Pictures and conversations

ToTerra2The Manga Moveable Feast keeps on rollin’ with reviews of Keiko Takemiya’s To Terra; Kate Dacey rounds up all the links at The Manga Critic.

A host of bloggers join Melinda Beasi for the Banana Fish Roundtable, this time concentrating on vols. 3 and 4, at Manga Bookshelf.

Brad Rice and David Welsh look at this week’s new releases; check David’s piece for some links to the latest round of online opinion-mongering as well.

Librarian Robin Brenner says farewell to CMX and advises fellow librarians on what series to pick up before they disappear.

A host of pundits have called for publishers to put out more manga for adults in order to save the flailing manga industry, but Simon Jones begs to differ.

At 2 screenshot limit, Anna posts a pic of her CMX collection and explains why it’s so awesome.


Kris on vol. 5 of Breath (Manic About Manga)
Bill Sherman on vol. 1 of Diamond Girl (Seattle Post-Intelligencer)
Andre on vol. 1 of Dorohedoro (Kuriousity)
Nick Smith on vol. 1 of I’ll Give It My All… Tomorrow (ICv2)
Bill Sherman on Isle of Forbidden Love (Blogcritics)
Kristin on vol. 1 of Kingyo Used Books (Comic Attack)
Briana Lawrence on Kiss Your Hair (
Snow Wildsmith on vols. 1 and 2 of Kurashina Sensei’s Passion (Fujoshi Librarian)
Sean Gaffney on vol. 35 of Oh My Goddess! (A Case Suitable for Treatment)
Susan S. on vol. 2 of Raiders (Manga Jouhou)
Julie Opipari on vol. 4 of Rasetsu (Manga Maniac Cafe)
Michelle Smith on vols. 1 and 2 of Switch (Soliloquy in Blue)
Johanna Draper Carlson on vol. 1 of Twin Spica (Comics Worth Reading)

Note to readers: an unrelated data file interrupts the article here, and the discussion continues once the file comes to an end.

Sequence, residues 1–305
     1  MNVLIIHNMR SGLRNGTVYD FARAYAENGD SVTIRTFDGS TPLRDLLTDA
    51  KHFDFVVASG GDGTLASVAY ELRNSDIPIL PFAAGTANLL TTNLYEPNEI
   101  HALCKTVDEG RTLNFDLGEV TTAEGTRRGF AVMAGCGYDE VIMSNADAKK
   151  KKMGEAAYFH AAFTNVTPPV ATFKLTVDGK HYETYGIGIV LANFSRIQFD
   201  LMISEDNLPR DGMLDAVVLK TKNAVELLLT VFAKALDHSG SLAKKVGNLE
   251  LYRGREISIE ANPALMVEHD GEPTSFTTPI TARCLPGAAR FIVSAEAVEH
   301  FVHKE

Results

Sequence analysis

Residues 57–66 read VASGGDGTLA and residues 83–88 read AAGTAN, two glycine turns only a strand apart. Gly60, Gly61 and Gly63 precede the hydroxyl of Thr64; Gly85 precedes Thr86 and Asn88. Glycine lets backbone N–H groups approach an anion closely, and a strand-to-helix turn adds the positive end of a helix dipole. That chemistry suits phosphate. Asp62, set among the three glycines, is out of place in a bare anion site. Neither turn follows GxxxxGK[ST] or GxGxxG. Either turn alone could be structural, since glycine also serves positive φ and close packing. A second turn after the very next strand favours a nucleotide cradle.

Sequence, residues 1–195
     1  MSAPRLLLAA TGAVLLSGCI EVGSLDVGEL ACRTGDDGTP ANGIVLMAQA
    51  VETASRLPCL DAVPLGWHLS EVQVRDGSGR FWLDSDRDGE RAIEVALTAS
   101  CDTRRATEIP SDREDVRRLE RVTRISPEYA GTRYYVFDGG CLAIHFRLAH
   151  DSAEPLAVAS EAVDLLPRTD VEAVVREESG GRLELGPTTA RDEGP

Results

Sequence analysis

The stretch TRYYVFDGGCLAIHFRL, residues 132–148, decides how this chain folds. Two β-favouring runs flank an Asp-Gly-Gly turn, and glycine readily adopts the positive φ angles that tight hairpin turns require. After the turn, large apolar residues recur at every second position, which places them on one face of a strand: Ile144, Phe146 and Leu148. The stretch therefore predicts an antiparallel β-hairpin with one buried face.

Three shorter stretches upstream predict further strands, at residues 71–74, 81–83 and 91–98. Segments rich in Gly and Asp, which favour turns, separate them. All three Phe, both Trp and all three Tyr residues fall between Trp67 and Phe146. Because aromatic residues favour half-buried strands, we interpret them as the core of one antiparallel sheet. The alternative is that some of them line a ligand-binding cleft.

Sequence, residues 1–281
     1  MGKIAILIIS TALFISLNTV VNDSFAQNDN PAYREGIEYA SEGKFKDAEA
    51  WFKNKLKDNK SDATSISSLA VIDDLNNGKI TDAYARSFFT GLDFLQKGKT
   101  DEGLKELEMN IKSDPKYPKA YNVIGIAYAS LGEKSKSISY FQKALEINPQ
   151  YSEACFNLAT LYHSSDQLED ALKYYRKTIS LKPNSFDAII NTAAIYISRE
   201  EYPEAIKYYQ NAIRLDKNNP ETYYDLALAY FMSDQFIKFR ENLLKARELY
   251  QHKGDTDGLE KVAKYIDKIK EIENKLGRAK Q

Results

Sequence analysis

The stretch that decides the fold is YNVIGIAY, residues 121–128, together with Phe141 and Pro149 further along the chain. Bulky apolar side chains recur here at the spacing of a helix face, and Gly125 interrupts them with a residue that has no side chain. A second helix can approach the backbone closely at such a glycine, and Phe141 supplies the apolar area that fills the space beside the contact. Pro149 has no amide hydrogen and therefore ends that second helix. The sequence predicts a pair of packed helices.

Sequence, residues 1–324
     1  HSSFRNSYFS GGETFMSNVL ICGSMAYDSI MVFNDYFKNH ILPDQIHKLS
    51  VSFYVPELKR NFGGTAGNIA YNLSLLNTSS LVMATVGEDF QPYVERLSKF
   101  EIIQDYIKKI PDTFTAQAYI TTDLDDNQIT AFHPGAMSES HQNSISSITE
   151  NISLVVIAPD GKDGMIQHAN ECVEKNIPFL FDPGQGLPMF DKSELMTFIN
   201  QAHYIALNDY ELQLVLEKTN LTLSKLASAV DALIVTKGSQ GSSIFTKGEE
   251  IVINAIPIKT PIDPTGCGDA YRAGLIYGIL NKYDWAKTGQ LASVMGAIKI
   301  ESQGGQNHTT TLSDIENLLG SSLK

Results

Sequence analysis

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  1. I’ve got to call BS on this “there’s no grown up manga options!” complaint. Maybe they’re a little harder to find in some brick and mortar stores, but “grown up” manga, whether that be edgy genre titles, contemplative dramas, quirky comedies, out-there artsy fare, or yaoi, make up a huge percentage of titles released — now more than ever. Just look at your reviews today — not counting the 4 12/2 yaoi titles, you’ve got Dorohedro, I’l Give it My All Tomorrow, Kingyo Used Books, Oh My Goddess! and Twin Spica — quite a diverse grown up offering right there. Sure, there could always stand to be more niche adult titles, but if the people who say “if only there were mature manga titles out there” were supporting the amazing titles that are being released already, maybe sales wouldn’t be so modest and publishers would ramp up even more. Some of this can be chalked up to a lack of marketing, sure, and maybe I’d buy that from man-on-the-street, but any internet literate person who frequents comics blogs and can’t be bothered to investigate who this 5 time Eisner nominated Urusawa guy is, and use that as a starting point, or follow links to any major blogging site where mature titles are discussed daily, is’s being underserved — they’re just being lazy. Ultimately, I think this just ties to our current culture of blockbuster obsession that unless something is a best-seller and a household name, the easiest response is to call it a failure or not count it at all. In this period of manga contraction, it seems to me that grown up manga is faring quite well — it’s just that the people who are releasing it have different standards and expectations than those of speculative publishers during the boom years, which is ultimately much healthier.